Fourth conference of the FFNT

On Thursday November 6th 2008 the fourth conference of the Female Faculty Network Twente took place at the University of Twente. The theme of the conference was ‘Gender Management … Uncover Hidden Treasures’. The main program of that day consisted of some lectures in the morning. The morning session was closed with a panel discussion. Two workshops were organized in the afternoon. The slides of the lectures and a summary of the panel discussion are accessible via this website.

In the ‘UT nieuws’ of November 13th also an article about the conference was placed.

4th conference FFNT

Speakers at the conference and board of the FFNT. Standing from left to right: Wilma Dierkes, Annemarie Braakman, Hans Roosendaal, Angelika Mader, Liudvika Leisyte, Genie Stoffels, Marjolein Rietman, Joy Clancy, Marieke Snijder. Sitting from left to right: Edith Snoey, Yvonne Benschop, Wouke Lam, Arjan Brunger, Laura Franco Garcia.

`Gender Equality, A business case’

On Thursday, November 6, the Female Faculty Network Twente (FFNT) hosted its fourth conference where 60 participants gathered at the top floor of the Horst Tower to listen to speakers about the best practices of gender management. The conference location could be symbolic of the decades-long struggle for women academics who have sought to be equally represented in the top positions at the university. `The Executive Board (CvB) sees getting more women in higher positions as a business case,' said Dr. Arjan Brunger, the university's Director of Personnel (PA&O).

lecture Edtih Snoey

Edith Snoey gave a lecture entitled, `Experiences with gender issues within the unions'at the fourth annual Female Faculty Network conference in the Horst Tower.

In his speech, Brunger pointed out that big companies, who show the best financial outcomes and results, are companies that have mixed gender management. Diversity, he said, may bring about more conflicts, but with good management, a conflict can even be seen as productive. The Executive Board is implementing three tenure track positions, exclusively for female scientist, which has already resulted in 27 applications being submitted by women from around the world.

Other successful programs and initiatives implemented by the UT in recent years have been the Mentor-Mentee Network and the Ambassadors Network, both of which aim to keep an open dialogue about gender issues and advance females in their career path.

Dr. Yvonne Bischop, a professor of Organizational Behavior at the Nijmegen School of Management, advised female scientist to verbally express their ambitions at an early stage. `When I started out as a PhD student, I made it very clear that I wanted to be a professor, and eventually it happened,' she said.

Bischop went on to describe the `rock bottom period' in 1996 when only 4.5 percent of professors were female. Yet she maintains optimism about today's growing momentum, which she thinks is caused in part by looking at gender equality as a `business issue' rather than speaking about the situation in terms of social injustice and equality. `We can take the business case arguments and work towards telling people that part of this issue is a business issue, and universities will lose out on half the talent pool if they are not promoting women to their fullest,' she added.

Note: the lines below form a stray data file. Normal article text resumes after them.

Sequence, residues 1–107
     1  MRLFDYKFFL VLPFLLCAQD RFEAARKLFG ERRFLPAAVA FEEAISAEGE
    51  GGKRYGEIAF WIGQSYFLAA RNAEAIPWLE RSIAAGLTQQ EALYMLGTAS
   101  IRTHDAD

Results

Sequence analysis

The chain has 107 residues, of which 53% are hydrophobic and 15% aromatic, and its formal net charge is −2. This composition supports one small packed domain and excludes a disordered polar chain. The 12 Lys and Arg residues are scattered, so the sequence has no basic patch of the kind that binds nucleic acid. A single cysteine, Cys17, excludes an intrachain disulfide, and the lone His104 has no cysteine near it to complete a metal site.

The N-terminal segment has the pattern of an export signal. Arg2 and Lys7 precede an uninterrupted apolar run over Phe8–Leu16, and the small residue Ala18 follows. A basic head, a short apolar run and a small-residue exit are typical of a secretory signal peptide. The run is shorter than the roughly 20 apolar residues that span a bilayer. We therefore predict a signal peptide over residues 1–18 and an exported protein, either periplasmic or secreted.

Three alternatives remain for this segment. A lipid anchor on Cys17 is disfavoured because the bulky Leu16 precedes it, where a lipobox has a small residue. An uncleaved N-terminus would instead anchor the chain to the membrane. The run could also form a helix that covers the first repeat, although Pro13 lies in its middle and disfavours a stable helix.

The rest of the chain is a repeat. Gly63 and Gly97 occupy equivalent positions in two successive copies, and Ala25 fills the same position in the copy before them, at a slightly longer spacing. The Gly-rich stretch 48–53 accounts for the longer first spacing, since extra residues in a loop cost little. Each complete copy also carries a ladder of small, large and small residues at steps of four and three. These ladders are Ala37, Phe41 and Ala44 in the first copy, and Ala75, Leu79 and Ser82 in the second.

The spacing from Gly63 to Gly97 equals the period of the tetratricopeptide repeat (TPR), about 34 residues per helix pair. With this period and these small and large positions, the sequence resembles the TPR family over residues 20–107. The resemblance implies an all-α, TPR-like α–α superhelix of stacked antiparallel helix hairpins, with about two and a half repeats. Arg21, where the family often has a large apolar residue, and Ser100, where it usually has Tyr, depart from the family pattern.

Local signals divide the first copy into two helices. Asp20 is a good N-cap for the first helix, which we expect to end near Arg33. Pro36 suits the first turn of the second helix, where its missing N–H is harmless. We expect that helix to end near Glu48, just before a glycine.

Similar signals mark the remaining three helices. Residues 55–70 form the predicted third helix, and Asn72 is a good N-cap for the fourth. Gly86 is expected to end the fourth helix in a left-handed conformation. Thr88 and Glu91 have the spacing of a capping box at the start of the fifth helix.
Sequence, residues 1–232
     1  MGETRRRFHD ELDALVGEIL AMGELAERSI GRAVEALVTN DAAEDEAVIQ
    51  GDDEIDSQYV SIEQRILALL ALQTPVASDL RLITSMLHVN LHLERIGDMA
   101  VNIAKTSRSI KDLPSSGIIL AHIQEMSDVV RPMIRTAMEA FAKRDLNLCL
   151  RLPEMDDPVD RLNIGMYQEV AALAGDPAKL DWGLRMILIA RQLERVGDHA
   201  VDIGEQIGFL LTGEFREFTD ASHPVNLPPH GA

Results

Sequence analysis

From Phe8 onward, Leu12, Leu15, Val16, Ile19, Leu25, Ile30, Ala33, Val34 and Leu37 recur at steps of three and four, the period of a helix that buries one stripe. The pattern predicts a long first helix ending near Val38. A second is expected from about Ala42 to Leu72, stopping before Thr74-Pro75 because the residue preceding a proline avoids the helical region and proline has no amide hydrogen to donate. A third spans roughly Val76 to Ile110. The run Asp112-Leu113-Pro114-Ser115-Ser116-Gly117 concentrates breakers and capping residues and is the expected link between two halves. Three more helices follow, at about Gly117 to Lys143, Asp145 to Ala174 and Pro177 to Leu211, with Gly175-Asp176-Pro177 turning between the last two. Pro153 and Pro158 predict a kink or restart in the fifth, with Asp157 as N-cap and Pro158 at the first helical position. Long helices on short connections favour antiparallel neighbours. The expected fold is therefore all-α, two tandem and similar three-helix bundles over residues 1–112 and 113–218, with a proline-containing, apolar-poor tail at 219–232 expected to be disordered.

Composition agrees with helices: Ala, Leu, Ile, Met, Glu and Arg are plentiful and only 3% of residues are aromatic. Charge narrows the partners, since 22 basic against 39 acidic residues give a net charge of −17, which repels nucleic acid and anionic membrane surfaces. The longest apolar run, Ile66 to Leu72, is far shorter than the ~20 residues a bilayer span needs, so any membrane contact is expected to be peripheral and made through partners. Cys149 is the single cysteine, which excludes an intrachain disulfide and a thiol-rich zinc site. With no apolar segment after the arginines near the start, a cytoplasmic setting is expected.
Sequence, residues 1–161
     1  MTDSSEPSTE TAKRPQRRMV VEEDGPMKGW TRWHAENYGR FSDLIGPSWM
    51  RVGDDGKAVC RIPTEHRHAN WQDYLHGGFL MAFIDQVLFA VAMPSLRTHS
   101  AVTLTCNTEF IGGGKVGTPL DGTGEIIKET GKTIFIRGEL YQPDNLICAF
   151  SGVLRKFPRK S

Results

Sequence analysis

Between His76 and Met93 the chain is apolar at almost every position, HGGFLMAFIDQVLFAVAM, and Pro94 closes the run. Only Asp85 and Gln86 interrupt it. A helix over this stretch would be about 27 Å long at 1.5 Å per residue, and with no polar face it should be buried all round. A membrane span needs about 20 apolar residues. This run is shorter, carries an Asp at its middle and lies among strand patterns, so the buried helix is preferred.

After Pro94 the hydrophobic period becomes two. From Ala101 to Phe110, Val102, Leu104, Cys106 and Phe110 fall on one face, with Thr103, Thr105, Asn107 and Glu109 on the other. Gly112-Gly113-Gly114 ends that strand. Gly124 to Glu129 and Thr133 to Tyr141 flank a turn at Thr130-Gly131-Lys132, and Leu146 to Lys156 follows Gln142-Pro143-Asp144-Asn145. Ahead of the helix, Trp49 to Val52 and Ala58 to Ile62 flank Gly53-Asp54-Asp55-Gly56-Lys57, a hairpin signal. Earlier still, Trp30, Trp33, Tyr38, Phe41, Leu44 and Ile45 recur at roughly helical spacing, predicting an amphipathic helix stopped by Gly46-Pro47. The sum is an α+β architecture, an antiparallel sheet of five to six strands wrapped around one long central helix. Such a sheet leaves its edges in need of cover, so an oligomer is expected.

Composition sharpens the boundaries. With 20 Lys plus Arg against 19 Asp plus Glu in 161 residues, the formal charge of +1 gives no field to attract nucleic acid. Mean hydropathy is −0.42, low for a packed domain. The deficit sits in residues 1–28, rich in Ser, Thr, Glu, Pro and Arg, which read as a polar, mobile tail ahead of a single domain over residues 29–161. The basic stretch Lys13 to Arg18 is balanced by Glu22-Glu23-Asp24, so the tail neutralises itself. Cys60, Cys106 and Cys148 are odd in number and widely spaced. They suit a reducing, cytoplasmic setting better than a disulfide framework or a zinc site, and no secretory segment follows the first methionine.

Following Bischop was the chairwomen of the Netherlands' biggest trade union federation Edith Snoey. Her experience has taught her that the scales are still tipped in strong favor of men. Snoey reflected, `We still see that women are not equally rewarded. Women are lagging behind when it comes to areas like pension buildup.'

How world companies approach the business case formula to look at gender issues was explained by Wouke Lam, the program manager of Shell International Information Technology. Since the mid-nineties Dutch Royal Shell started to work on a global level, changing the way the organization was run. Shell's CEO Jeroen van der Veer stated, `Diversity and inclusion are vital for winning in today's business environment, by integrating diversity and inclusiveness into the mainstream aspects of the business.'

Instead of legally binding quotas, Shell sets recruitment targets to increase the number of female employees, and recruiters are measured against these targets. According to Lam, Shell delivered on the target to hire 28 percent females in technical job positions, which corresponds with the number of female technical students graduating from universities. On the commercial side, the company was able to achieve even better percentages with an equal representation of women and men.

These top-down initiatives at Shell led to gender awareness training sessions for leadership teams where males and females were shown the video Invisible Rules, which helped raise awareness about gender differences. For example if females nod their heads, said Lam, it indicates they are encouraging the progression of a conversation. On the contrary, when males send this same non-verbal cue, it indicates he is agreeing to whatever is being spoken. `It's like the ying and the yang, where we create a workplace for all talents to develop to the fullest potential and really reach the optimal business benefits,' she added.

The last speaker, UT Professor of Strategic Management Hans Roosendaal, agreed on the diagnosis - more females should be represented in top positions - but he cautioned that it is difficult to find the right cure. `Sometimes we know the cure can be worse than the disease,' he said. In ten years, according Roosendaal, 50 percent of the chaired professors in Europe will be replaced. This is something he views as an opportunity to create new strategies by adopting policies at the institutional level. This could also leave the door wide open for female scientists who want to advance in their careers.

Reference: UT nieuws donderdag 13 november 2008, jaargang 43, nr. 33